Like other illnesses, there's no way to guarantee that you'll never be diagnosed with breast cancer, but some lifestyle changes can affect your risk, including what's on your plate.
"There's no superfood that will protect you from cancer by itself, but a healthy diet filled with fruits, vegetables, and whole grains can help reduce your risk of certain cancers," says Lynn Nichols, registered dietitian at Riddle Hospital.
While fruits and vegetables are a healthy and necessary component to anyone's diet, women can benefit from eating five or more cups of fruits or vegetables per day. These foods provide antioxidants, which decrease inflammation and protect DNA from the effects of free radicals, which can help reduce cancer risk.
When it comes to adding fiber to your diet, think outside the box. Whole grain bread, fruits, vegetables and beans aren't the only options. "Try some new grains like quinoa, bulgar, flax seeds and chia seeds. Add nuts and seeds to your salads, smoothies and yogurt." says Nichols.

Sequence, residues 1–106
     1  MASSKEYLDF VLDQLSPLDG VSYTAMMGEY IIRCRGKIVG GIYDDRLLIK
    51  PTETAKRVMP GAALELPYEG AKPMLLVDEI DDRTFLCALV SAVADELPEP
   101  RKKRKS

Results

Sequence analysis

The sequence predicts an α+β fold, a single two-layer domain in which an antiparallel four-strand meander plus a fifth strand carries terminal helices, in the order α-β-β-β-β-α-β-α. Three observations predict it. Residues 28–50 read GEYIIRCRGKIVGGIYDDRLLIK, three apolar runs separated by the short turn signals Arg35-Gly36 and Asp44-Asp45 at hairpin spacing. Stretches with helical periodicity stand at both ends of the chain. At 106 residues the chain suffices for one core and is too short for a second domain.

In addition to these foods, a good rule of thumb is to stick to a low-fat diet. Research suggests that fat found in red meat, high-fat dairy products, and vegetable shortening is more likely to increase your risk for breast cancer. Try to go meatless once a week, and only eat fried foods, and processed baked goods occasionally to lower your fat intake.
While watching what you eat can help curb your risk for breast cancer, the best way to ensure breast health throughout your life is by getting a regular mammogram.